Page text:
Synge's The Playboy of the Western World reveals an Ireland in love with violence. This is the truth the play reveals. The characters in the play make a hero out of a man who kills his own dad. They put him on a figurative pedestal and celebrate his warped action. The people of Ireland have a warped sense of what to value.
And, of course, the hero doesn't even really possess courage or ability or anything of the sort. He doesn't even finish his dad off, and when the dad reappears, he cowers before him.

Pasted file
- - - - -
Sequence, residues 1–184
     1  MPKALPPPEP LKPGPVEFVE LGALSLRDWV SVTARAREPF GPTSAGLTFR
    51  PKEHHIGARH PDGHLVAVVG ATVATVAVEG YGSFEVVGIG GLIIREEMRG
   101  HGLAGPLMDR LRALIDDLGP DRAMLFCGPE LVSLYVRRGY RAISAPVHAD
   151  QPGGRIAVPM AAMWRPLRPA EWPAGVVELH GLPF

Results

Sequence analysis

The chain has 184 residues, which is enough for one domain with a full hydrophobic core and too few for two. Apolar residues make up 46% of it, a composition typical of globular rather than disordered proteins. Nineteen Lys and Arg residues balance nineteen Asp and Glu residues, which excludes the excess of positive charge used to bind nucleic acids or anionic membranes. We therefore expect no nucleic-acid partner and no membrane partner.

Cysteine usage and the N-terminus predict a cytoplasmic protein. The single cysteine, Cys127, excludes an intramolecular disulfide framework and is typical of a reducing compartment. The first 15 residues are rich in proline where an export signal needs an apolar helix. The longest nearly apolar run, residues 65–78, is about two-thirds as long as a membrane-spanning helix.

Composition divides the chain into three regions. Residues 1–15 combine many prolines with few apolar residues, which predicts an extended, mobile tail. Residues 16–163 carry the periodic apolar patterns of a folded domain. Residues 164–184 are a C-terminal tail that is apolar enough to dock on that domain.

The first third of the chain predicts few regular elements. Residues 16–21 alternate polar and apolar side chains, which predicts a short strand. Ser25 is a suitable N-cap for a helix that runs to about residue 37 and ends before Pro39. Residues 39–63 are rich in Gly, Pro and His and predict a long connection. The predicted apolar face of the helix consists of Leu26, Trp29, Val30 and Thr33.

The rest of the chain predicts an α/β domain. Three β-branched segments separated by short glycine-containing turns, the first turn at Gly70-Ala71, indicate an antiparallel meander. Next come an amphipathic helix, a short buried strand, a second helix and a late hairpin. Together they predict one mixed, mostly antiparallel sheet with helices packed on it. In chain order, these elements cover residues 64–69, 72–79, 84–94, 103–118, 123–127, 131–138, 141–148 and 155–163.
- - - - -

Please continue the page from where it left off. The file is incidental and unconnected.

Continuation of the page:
Ironically, the riots caused by the performance of the play weren't due primarily to the Irish being angry because they are portrayed as so violent and ignorant in the play. The riots were primarily the reaction to the swear words and rough language in the play. This, too, is revealing.
Synge reveals the truth about the Irish in Playboy just as Joyce does in Dubliners. Of course, the revelations apply to the rest of us, as well, not just the Irish.